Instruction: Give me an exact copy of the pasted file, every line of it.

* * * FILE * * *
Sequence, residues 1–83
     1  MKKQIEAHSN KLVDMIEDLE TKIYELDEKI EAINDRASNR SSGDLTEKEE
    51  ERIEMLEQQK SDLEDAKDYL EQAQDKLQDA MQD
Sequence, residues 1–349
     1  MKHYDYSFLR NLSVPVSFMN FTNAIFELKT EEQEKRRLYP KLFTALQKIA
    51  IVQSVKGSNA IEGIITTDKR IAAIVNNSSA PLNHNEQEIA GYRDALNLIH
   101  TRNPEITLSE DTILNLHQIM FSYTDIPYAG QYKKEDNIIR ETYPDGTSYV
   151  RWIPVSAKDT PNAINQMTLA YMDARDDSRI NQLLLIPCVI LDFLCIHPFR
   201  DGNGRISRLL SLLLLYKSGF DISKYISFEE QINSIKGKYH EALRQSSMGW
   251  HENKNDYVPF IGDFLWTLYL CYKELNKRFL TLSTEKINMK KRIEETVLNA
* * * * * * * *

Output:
Sequence, residues 1–83
     1  MKKQIEAHSN KLVDMIEDLE TKIYELDEKI EAINDRASNR SSGDLTEKEE
    51  ERIEMLEQQK SDLEDAKDYL EQAQDKLQDA MQD
Sequence, residues 1–349
     1  MKHYDYSFLR NLSVPVSFMN FTNAIFELKT EEQEKRRLYP KLFTALQKIA
    51  IVQSVKGSNA IEGIITTDKR IAAIVNNSSA PLNHNEQEIA GYRDALNLIH
   101  TRNPEITLSE DTILNLHQIM FSYTDIPYAG QYKKEDNIIR ETYPDGTSYV
   151  RWIPVSAKDT PNAINQMTLA YMDARDDSRI NQLLLIPCVI LDFLCIHPFR
   201  DGNGRISRLL SLLLLYKSGF DISKYISFEE QINSIKGKYH EALRQSSMGW
   251  HENKNDYVPF IGDFLWTLYL CYKELNKRFL TLSTEKINMK KRIEETVLNA